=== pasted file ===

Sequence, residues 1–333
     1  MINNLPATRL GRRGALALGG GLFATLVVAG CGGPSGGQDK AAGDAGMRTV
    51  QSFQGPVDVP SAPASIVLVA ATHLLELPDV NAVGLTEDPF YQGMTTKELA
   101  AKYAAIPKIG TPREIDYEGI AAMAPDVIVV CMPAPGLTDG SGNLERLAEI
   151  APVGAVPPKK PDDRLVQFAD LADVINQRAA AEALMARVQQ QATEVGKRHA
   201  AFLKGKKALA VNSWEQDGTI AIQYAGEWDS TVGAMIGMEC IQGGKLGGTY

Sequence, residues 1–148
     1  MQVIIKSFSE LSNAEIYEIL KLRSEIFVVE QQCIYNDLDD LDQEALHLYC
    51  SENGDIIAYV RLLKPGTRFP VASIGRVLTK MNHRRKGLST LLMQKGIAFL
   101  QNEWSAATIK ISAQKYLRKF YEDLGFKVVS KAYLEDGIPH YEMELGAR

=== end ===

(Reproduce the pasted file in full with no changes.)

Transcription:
Sequence, residues 1–333
     1  MINNLPATRL GRRGALALGG GLFATLVVAG CGGPSGGQDK AAGDAGMRTV
    51  QSFQGPVDVP SAPASIVLVA ATHLLELPDV NAVGLTEDPF YQGMTTKELA
   101  AKYAAIPKIG TPREIDYEGI AAMAPDVIVV CMPAPGLTDG SGNLERLAEI
   151  APVGAVPPKK PDDRLVQFAD LADVINQRAA AEALMARVQQ QATEVGKRHA
   201  AFLKGKKALA VNSWEQDGTI AIQYAGEWDS TVGAMIGMEC IQGGKLGGTY

Sequence, residues 1–148
     1  MQVIIKSFSE LSNAEIYEIL KLRSEIFVVE QQCIYNDLDD LDQEALHLYC
    51  SENGDIIAYV RLLKPGTRFP VASIGRVLTK MNHRRKGLST LLMQKGIAFL
   101  QNEWSAATIK ISAQKYLRKF YEDLGFKVVS KAYLEDGIPH YEMELGAR